New Technologies and Costs
Vincenzo Atella () and
Joanna Kopinska ()
No 442, CEIS Research Paper from Tor Vergata University, CEIS
Recent improvements in population health have been possible thanks to advances in sanitation and health technology. Several treatments, procedures and diagnostic devices have revolutionized modern epidemiological patterns, turning once deadly diseases into curable or preventable conditions, expanded the existing cures to more patients and diseases, and simplified procedures applied to both medical and organizational practices. From diuretics, beta blockers, vaccines, ultrasounds, tomography, HIV antiretrovirals, organ transplants and implants, laser surgery and angioplasty to human genome project, the health technologies have changed all aspects of healthcare for patients, providers, and states, bearing positive impact on social welfare. The health innovation process has however become an important driver of health expenditure growth across all countries. Not only has the technological progress generated additional financial burden, but it also expanded the volume of services provided. Even with lower unit costs, this expanded volume frequently generates higher total expenditure (Cutler & Huckman 2003; Weisbrod 1991). The future of technology costs and their impact on healthcare spending is always less certain, especially in view of the arrival of utterly new technologies, such as precision medicine and genome sequencing. While the ultimate DNA sequencing may help identifying best fit of therapies for individual genotype, incrementing its effectiveness and reducing drug waste, their characteristics are likely to be associated with high costs, with very narrow potential target population and, inversely high development costs. Also health information technology poses innovative approaches to healthcare, which will certainly revolutionize healthcare delivery. According to Kvedar et al. (2014), mobile health has the potential to widen access to high-quality and cost-efficient health services. In the recent decades business models of pharmaceutical manufacturers have changed, putting an end to blockbuster medicines and welcoming biologic drugs. Also increasingly introduced generic and biosimilar drugs drive up price competition, preventing development of treatments representing only marginal refinements with respect to the already existing therapies. In this respect, the challenge for the policymakers is to discourage over-adoption of ineffective, unnecessary and inappropriate technologies. This task has been long carried out through regulation, which according to standard economic theory is the only response to market failures and socially undesirable outcomes of healthcare markets left on their own. The potential welfare loss must be confronted with the costs of regulatory activities. Overall, so far health technology evolution has delivered important value for patients and societies, nevertheless it will continue to pose important challenges for the already stringent public finances.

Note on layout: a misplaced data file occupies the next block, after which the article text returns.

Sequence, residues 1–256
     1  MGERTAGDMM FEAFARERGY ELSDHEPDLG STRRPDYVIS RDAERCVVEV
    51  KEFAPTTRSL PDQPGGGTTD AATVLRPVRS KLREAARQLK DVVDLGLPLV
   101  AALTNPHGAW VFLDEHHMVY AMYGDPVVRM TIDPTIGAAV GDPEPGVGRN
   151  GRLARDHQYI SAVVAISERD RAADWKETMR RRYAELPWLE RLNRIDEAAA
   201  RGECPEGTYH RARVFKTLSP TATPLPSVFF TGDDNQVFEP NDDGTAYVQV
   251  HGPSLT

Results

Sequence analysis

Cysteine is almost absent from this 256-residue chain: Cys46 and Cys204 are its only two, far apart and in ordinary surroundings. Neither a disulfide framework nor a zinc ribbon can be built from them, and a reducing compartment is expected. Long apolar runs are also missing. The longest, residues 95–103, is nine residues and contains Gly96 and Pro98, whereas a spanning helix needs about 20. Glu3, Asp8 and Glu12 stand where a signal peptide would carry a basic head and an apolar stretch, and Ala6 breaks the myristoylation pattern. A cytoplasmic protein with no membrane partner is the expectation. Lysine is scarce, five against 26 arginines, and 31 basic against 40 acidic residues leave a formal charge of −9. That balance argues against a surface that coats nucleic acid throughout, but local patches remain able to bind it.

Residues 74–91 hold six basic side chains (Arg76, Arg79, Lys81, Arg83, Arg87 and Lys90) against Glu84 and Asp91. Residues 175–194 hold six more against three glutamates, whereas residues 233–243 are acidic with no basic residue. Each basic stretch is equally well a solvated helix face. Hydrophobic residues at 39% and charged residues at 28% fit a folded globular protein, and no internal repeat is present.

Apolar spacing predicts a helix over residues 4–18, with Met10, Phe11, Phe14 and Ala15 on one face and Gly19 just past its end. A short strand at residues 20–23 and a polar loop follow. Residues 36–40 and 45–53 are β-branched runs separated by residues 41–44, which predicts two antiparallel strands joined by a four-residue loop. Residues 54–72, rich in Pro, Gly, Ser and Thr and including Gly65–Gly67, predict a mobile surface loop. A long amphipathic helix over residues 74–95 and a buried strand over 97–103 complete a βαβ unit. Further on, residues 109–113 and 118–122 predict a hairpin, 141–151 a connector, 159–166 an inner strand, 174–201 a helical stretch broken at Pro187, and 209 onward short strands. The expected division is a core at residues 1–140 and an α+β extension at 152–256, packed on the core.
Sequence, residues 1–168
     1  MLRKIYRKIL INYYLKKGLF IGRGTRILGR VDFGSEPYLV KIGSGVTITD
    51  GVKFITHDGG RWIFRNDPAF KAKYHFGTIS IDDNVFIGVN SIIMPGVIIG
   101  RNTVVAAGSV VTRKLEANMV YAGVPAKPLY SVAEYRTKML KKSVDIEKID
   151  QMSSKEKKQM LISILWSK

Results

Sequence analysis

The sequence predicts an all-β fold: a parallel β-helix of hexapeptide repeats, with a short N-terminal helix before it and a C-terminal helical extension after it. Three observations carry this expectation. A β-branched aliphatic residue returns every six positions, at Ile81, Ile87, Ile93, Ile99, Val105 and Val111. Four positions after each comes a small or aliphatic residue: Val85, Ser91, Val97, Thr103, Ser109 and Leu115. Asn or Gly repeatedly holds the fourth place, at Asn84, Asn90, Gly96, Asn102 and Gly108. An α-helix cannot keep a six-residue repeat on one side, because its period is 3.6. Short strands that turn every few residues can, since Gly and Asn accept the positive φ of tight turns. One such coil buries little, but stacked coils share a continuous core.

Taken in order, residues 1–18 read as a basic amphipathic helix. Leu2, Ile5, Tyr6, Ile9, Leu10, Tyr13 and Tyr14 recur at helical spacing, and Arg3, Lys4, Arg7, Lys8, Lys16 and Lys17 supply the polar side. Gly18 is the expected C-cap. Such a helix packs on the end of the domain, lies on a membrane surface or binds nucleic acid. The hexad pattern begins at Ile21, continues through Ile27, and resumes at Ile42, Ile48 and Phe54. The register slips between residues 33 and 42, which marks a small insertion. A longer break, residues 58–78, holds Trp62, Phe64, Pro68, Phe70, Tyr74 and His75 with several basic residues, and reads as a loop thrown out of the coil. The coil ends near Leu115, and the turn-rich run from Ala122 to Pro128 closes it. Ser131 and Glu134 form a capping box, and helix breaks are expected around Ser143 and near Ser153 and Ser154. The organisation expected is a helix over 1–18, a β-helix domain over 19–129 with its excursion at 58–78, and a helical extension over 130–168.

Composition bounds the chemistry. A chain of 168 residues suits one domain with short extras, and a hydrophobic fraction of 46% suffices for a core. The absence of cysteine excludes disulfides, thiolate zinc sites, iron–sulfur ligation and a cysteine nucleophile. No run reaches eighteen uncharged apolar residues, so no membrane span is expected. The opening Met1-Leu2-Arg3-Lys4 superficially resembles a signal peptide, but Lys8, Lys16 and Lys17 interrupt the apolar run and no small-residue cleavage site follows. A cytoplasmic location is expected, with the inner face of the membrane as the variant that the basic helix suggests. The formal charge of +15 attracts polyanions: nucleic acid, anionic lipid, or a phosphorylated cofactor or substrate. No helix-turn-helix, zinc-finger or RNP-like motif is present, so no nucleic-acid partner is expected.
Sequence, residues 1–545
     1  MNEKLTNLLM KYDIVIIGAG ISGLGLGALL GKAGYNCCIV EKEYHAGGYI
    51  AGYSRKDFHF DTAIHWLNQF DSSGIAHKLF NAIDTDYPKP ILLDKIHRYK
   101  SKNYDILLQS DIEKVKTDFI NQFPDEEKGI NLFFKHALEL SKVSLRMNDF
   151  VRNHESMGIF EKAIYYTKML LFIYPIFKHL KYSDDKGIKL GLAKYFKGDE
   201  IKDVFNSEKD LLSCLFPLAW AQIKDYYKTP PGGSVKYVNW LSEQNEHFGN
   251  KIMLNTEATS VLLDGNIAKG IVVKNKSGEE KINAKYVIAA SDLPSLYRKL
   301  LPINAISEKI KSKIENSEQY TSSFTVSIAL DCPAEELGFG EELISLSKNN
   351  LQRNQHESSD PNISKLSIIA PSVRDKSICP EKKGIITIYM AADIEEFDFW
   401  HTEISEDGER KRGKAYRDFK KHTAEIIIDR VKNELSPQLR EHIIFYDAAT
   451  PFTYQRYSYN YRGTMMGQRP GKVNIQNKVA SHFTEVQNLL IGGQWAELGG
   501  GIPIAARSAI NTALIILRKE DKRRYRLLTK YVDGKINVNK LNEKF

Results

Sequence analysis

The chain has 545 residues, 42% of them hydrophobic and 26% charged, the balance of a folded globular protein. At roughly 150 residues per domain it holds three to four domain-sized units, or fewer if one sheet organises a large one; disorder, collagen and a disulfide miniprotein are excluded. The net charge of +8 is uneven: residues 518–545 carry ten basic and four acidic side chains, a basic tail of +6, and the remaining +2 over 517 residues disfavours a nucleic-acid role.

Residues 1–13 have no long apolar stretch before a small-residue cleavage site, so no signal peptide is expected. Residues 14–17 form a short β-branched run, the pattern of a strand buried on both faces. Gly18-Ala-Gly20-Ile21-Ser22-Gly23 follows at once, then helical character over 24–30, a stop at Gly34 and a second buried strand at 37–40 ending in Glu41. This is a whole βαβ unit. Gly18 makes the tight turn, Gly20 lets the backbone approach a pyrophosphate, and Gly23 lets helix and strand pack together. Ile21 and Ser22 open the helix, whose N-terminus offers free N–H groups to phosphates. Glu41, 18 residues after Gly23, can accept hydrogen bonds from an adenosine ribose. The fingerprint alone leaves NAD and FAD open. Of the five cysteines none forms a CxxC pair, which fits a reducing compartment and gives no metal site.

Keywords: Health technology; Health expenditure; Costs; Regulation; Innovative medicines (search for similar items in EconPapers)
JEL-codes: I I1 I10 I11 I12 I13 I18 (search for similar items in EconPapers)
Date: 2018-08-09, Revised 2018-08-09
References: View references in EconPapers View complete reference list from CitEc
Citations: Track citations by RSS feed
Downloads: (external link)
ftp://www.ceistorvergata.it/repec/rpaper/RP442.pdf Main text (application/pdf)
This item may be available elsewhere in EconPapers: Search for items with the same title.
Export reference: BibTeX
RIS (EndNote, ProCite, RefMan)
Persistent link: https://EconPapers.repec.org/RePEc:rtv:ceisrp:442
Ordering information: This working paper can be ordered from
CEIS - Centre for Economic and International Studies - Faculty of Economics - University of Rome "Tor Vergata" - Via Columbia, 2 00133 Roma
Access Statistics for this paper
More papers in CEIS Research Paper from Tor Vergata University, CEIS CEIS - Centre for Economic and International Studies - Faculty of Economics - University of Rome "Tor Vergata" - Via Columbia, 2 00133 Roma. Contact information at EDIRC.
Bibliographic data for series maintained by Barbara Piazzi ().